5. If SSO has been implemented SAP users should no longer need to worry about passwords at all. SSO needs to be implemented consistently across all applications and frontends. Once that is done, all passwords can be deactivated. If not, you may quickly run into issues. One of the biggest mistakes is to forget applications relying on existing passwords. One example that comes to my mind is SAP BusinessObjects. It offers the BI Launchpad (web interface) which can be configured for SSO based on SPNego. Once users are authenticated at the BI platform, they have to perform actions that require access to backend systems, such as BW systems. And if SSO was not implemented across all these components, this is a hindrance to disable passwords in the backend, as users still need to enter them to access information.
  6. SAP does not store user passwords in clear text but instead, it protects them using hash functions and salted hash values. Those values are stored in several tables of the SAP database such as USR02. Once you disable the passwords and enforce the use of SSO, the password hashes – such as the feared but for hackers popular BCODE or PASSCODE values – are wiped too. This, in turn, increases the overall security.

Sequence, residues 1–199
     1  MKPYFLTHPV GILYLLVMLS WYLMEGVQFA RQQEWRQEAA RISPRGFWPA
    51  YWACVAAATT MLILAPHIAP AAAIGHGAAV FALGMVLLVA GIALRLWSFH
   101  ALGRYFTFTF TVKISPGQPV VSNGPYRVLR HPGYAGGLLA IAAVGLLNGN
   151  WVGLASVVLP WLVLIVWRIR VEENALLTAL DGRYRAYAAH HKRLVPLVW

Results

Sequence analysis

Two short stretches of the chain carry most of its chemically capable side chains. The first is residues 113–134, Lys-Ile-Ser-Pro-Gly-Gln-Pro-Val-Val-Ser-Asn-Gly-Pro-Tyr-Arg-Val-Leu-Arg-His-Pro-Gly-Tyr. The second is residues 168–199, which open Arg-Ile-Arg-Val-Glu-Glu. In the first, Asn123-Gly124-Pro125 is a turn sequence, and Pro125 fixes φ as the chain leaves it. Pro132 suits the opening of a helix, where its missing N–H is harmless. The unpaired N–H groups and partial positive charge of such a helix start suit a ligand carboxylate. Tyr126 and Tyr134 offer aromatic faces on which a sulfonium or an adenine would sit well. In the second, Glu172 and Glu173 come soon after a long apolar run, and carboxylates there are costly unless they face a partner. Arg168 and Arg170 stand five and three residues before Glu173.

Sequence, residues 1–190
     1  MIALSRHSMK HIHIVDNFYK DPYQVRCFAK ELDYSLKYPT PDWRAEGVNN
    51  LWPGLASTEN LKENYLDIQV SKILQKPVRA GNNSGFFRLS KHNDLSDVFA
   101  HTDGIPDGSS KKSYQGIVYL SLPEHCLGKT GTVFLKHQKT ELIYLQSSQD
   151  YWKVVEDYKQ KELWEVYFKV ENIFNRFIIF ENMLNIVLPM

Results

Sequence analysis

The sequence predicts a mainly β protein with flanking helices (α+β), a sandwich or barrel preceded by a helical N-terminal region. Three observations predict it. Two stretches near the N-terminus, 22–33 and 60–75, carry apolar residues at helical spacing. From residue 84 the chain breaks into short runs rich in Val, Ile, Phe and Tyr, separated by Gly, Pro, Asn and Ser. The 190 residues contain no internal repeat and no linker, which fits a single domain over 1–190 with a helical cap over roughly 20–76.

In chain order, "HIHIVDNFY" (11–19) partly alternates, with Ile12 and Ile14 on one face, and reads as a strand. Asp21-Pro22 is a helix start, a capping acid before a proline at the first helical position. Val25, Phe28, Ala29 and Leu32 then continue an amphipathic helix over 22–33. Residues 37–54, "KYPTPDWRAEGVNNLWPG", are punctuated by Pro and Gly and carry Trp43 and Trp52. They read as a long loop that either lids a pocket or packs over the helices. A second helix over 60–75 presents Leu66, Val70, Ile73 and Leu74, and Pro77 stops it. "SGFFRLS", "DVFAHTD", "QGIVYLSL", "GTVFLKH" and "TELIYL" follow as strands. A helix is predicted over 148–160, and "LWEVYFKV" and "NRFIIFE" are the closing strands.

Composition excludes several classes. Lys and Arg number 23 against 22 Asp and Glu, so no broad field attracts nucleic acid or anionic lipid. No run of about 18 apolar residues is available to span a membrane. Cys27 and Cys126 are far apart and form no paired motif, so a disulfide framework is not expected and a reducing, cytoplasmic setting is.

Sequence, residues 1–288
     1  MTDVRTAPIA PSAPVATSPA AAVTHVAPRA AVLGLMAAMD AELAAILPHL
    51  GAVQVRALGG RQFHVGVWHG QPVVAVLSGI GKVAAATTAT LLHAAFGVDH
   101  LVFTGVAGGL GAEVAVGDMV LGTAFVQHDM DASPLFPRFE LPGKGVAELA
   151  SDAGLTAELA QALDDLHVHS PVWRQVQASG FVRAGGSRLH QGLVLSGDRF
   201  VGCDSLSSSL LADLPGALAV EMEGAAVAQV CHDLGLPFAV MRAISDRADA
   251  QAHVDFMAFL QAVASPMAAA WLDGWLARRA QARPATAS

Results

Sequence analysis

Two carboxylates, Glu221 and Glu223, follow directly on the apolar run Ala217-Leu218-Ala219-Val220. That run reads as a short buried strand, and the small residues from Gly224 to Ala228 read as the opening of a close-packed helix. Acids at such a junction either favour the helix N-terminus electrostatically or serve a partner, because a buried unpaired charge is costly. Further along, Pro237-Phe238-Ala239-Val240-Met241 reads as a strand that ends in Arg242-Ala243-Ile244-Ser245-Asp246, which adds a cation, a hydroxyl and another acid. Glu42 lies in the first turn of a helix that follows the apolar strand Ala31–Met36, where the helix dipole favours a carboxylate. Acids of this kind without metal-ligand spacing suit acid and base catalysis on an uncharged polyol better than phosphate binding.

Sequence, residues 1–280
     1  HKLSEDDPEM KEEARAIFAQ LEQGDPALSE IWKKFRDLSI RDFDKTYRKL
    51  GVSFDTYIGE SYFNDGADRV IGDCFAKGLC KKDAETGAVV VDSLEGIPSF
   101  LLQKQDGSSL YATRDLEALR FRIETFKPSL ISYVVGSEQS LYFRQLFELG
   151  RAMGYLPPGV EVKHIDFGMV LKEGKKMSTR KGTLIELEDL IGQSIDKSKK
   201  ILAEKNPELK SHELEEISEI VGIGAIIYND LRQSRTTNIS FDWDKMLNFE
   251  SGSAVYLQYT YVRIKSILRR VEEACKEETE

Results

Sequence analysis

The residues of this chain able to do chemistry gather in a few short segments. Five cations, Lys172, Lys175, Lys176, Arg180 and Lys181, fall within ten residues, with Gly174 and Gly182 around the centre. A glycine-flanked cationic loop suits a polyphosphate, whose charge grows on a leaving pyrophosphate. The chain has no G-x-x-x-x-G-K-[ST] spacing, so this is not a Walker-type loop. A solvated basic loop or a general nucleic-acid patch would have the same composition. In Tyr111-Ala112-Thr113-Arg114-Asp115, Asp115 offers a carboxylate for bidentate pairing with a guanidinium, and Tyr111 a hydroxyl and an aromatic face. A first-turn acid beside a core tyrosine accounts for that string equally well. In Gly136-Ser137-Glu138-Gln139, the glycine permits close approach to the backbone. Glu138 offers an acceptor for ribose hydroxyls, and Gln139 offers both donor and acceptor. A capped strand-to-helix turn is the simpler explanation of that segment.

7. In general, don’t forget password security and system hardening. Use latest password hashing mechanisms provided by the SAP platform. This is important e. g. for standard accounts or RFC users. Once you have ensured that, you can delete old and redundant password hashes from the corresponding tables. SAP provides cleanup reports to do that.

Stay tuned for volume #4 of Xiting’s Insider Tips for SAP Single Sign-On!

Carsten Olt

Carsten is a Senior IT Security Consultant and in charge of the Governance, Risk, and Compliance business at Xiting GmbH in Germany. He has over 15 years of experience in the security industry. Before taking over this responsibility, he has been in charge of various key positions at SECUDE. Carsten’s security expertise is in the areas of PKI, Encryption, SAP Strong Authentication, Secure Network Communication and SAP Single Sign-On as well as SAP Enterprise Threat Detection.